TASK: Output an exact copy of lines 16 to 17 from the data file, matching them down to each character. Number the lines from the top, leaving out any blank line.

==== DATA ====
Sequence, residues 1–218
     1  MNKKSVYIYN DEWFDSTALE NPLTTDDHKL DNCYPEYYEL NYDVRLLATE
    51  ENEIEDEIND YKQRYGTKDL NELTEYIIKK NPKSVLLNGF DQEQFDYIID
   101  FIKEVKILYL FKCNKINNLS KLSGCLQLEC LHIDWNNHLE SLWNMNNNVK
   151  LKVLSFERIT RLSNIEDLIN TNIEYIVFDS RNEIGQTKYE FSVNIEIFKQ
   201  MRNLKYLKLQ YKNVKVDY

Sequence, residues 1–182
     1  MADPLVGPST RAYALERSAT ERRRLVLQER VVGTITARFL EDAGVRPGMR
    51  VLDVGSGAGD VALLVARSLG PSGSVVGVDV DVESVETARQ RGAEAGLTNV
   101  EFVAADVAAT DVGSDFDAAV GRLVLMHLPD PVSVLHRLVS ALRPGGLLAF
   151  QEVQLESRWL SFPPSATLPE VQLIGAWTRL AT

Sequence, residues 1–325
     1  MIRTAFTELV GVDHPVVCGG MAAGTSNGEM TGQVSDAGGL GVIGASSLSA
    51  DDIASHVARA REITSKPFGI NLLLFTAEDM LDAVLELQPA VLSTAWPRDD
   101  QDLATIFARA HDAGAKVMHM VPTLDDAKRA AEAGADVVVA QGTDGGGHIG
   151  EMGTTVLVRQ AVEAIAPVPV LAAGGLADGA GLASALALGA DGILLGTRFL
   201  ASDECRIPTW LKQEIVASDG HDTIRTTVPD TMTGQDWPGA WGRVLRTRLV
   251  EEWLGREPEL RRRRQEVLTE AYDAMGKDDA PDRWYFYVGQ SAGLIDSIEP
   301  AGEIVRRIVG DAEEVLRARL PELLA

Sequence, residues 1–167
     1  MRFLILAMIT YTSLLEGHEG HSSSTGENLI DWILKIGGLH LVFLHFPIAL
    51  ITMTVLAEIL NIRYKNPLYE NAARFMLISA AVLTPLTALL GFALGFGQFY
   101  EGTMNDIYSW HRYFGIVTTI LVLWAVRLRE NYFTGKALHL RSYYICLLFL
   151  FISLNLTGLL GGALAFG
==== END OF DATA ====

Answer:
   151  EMGTTVLVRQ AVEAIAPVPV LAAGGLADGA GLASALALGA DGILLGTRFL
   201  ASDECRIPTW LKQEIVASDG HDTIRTTVPD TMTGQDWPGA WGRVLRTRLV